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Re: OpenOffice 3.1

On Sun, 2009-05-10 at 22:58 +0100, John5342 wrote:

> updates - Non-breaking updates. Nothing stopping this or any of the
> above from being bleeding edge and it should recieve updates to latest
> version where possible so long as it doesnt result in breakage or
> regressions.

This is an essentially nonsensical criterion for something as big as
OpenOffice.org and KDE. The likelihood of any versioned change in a
codebase that big introducing *some* regression *somewhere* for
*somebody* comes very close to 1.

The only sensible policies for updates are the traditional "minimum
possible change required to fix the specific bug being addressed" (which
most distributions follow), or "whatever the hell you like". Trying to
codify anything in the middle distribution-wide is essentially
impossible, because we package several thousand chunks of code of hugely
varying size and importance with utterly different policies as to what a
major version means, what a minor version means and so on.

To me, this comes back - again - to what I've been thinking about for a
while now: what do we want Fedora to be? Who do we want it to be for?

If we care about end users - the stereotypical "my aunt", "my grandad",
whoever people think of when they think of someone who just doesn't care
and wants a computer that works - we need a proper conservative stable
update set somewhere. I think Mandriva has the best policy: it has
stable releases and a two-tier upgrade repository system. Each stable
release has a /updates repository, and a /backports repository. /updates
is the traditional "minimum possible change" repository, and is the only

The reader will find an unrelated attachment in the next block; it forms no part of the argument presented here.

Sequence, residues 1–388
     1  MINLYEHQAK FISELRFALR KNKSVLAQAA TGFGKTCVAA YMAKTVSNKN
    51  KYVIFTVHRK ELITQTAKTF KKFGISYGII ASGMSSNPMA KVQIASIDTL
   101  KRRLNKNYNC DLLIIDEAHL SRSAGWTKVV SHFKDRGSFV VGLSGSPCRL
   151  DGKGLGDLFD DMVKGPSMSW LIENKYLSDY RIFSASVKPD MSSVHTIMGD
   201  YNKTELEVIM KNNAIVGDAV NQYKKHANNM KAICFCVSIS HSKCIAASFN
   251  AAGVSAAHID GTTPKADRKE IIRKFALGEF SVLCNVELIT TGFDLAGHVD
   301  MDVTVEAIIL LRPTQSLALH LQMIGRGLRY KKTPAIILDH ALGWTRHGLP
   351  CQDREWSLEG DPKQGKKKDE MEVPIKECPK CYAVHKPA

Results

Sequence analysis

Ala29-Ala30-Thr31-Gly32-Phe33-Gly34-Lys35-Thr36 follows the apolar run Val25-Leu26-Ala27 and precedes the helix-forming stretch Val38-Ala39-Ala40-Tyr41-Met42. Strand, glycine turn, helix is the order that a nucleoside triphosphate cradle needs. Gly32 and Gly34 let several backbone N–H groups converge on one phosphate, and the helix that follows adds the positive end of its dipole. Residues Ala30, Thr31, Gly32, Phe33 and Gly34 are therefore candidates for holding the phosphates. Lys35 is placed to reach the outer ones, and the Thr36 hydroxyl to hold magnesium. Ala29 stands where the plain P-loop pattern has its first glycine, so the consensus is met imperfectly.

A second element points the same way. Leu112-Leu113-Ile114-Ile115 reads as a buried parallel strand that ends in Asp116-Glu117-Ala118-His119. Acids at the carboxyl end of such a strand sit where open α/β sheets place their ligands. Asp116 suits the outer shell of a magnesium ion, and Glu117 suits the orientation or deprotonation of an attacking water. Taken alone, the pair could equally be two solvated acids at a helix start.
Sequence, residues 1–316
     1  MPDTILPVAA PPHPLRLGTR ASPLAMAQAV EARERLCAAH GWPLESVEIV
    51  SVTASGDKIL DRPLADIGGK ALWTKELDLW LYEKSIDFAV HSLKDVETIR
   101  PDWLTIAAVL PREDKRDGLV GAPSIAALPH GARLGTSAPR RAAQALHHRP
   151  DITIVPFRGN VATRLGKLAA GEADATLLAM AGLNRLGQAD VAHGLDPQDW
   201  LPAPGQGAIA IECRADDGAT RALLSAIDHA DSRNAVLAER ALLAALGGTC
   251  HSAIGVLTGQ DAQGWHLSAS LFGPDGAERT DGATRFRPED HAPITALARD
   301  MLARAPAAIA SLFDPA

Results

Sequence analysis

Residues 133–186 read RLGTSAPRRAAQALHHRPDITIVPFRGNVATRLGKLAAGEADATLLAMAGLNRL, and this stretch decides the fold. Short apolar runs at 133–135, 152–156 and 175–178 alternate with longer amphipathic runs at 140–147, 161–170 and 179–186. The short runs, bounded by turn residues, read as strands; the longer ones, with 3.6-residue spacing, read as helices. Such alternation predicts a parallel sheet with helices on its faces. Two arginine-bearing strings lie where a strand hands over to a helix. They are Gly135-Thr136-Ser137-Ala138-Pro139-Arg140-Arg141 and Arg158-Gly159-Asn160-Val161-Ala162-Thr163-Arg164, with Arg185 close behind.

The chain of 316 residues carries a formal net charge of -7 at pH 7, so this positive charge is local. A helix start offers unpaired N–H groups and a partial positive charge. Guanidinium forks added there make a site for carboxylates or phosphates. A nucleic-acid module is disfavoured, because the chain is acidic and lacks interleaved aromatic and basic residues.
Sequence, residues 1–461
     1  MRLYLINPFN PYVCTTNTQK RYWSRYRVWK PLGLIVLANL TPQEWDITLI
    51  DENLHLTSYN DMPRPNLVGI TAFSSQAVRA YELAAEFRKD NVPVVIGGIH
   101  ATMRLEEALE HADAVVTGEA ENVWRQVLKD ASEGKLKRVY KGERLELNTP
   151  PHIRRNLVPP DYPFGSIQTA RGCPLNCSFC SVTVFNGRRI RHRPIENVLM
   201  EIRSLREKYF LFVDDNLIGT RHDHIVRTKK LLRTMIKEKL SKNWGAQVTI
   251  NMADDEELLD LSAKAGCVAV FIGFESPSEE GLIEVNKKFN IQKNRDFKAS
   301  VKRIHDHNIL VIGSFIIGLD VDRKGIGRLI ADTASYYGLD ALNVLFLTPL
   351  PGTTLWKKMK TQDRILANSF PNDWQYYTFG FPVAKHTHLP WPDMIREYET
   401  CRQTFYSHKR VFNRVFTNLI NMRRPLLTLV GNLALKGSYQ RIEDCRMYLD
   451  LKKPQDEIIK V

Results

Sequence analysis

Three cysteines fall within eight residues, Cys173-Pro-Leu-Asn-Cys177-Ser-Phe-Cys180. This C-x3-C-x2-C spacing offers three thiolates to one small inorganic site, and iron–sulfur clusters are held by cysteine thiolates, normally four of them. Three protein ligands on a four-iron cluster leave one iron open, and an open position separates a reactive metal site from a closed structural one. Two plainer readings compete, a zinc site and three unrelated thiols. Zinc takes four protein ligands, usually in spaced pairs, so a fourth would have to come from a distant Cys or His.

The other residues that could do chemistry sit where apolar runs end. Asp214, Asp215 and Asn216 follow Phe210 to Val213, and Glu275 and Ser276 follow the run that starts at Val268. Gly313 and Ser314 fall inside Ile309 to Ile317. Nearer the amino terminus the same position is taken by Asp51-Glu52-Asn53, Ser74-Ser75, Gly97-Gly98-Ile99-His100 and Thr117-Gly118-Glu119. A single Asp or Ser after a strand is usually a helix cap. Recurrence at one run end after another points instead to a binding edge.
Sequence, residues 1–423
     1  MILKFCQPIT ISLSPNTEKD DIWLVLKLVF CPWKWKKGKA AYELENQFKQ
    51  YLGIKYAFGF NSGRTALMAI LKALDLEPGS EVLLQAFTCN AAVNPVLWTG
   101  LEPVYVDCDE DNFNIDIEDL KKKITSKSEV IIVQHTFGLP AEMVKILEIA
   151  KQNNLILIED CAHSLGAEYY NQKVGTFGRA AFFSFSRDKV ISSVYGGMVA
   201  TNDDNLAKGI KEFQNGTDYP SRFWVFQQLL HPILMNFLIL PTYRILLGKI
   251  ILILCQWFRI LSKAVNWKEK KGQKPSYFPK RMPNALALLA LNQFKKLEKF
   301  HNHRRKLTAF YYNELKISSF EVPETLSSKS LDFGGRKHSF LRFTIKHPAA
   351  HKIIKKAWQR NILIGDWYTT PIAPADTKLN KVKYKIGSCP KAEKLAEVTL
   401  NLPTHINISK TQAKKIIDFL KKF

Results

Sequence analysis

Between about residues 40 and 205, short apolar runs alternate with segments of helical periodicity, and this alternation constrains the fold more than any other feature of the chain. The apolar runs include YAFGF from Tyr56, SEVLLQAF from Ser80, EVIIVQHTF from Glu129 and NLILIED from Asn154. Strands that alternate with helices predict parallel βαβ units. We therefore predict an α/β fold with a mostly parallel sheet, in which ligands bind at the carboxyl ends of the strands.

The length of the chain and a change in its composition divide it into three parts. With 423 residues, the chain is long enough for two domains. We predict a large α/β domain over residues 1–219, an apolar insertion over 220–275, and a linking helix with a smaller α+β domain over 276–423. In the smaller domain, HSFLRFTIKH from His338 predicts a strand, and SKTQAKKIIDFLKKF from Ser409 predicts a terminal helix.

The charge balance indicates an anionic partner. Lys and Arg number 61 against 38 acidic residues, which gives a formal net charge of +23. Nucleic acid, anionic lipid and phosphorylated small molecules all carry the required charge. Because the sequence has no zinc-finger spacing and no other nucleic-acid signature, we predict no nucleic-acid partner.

update repo enabled by default, so by default you get the traditional
conservative, stable update strategy. It is gated through the QA team
and then the security team (which is a bit of a historical anomaly, but
in practice, works well) who only sign off on updates that comply with
the policy. /backports is the "anything you want" repository:
maintainers can throw in new packages, new versions, experimental new
patches, pretty much anything they like, without oversight (maintainers
literally just run a single submit command and it goes straight out to
the public repos). If you want new versions of stuff for a stable
release, you use /backports. 

I know this is a good system because I was around for the previous
system (a messy compromise rather like the current Fedora system), which
everyone hated - developers didn't know what to ship where, users didn't
know what to expect. The current system is great: developers understand
it and have the flexibility to ship the type of updates they want (they
can choose to ignore /backports entirely and only ship stable updates,
or they can use it extensively and provide, say, a whole new version of
KDE), users understand it and have the flexibility to choose exactly
what type of updates they want (/updates only for a quiet life, specific
packages from /backports if you just need some particular new feature,
or everything from /backports if you like surprises). Significantly,
there have been exactly no major arguments like this present one ever
since the system was changed, whereas bitching and arguing over the
previous system was frequent on both the 'user' and 'developer' sides.

If we don't care about end users who want a stable computing platform
and we want Fedora to be principally a platform for development /
experimentation, I think a single "whatever the hell you like" update
repository works best. The two-tier system that's good for end users
would also work, but would be overly complicated for achieving the
desired result (and maintainers likely wouldn't see the value in
following it). We could certainly care about 'quality' in the update
repository in terms of whether the packages are valid, have broken
dependencies etc, but we wouldn't necessarily care about regressions /
breakages in the code they contain.

But, yet again, it's a question that can't be answered until we know
what exactly Fedora is supposed to be, and for whose benefit. Even if we
come up with a consistent and coherent policy it likely won't work until
that question is properly answered and agreed upon.
Adam Williamson
Fedora QA Community Monkey
IRC: adamw | Fedora Talk: adamwill AT fedoraproject DOT org

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